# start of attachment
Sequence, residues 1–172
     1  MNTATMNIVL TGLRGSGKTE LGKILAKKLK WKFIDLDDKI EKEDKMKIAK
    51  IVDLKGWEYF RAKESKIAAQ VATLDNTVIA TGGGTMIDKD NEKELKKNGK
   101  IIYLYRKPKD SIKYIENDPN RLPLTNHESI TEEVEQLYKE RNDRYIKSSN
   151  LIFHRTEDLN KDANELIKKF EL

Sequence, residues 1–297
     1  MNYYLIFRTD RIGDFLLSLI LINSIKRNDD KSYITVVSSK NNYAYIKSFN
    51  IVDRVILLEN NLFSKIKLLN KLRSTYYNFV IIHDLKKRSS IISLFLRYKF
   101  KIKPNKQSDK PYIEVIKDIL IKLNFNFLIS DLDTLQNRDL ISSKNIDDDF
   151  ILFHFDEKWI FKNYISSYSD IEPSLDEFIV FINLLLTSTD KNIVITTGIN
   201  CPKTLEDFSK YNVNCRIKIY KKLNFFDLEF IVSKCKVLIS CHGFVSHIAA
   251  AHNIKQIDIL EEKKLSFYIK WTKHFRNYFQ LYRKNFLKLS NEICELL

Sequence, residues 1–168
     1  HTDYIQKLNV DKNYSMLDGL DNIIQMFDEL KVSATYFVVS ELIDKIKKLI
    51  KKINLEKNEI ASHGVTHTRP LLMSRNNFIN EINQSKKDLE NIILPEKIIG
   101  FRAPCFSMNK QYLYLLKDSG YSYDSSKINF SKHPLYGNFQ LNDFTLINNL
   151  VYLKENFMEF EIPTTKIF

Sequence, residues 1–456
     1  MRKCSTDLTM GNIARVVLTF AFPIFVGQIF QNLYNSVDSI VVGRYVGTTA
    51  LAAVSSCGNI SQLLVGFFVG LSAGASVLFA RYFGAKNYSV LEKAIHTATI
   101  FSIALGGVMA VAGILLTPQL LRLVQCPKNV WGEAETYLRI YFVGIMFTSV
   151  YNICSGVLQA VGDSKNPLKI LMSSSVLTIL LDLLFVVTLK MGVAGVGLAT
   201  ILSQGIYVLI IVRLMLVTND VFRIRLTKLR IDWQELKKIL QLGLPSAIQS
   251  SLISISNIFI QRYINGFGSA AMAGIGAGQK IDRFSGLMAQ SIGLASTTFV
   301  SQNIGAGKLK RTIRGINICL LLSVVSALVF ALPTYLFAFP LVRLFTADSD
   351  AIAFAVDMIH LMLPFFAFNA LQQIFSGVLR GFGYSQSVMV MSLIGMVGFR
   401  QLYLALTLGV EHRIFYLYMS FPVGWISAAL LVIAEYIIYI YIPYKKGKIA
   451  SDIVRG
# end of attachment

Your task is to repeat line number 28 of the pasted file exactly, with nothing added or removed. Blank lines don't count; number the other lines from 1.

   451  SDIVRG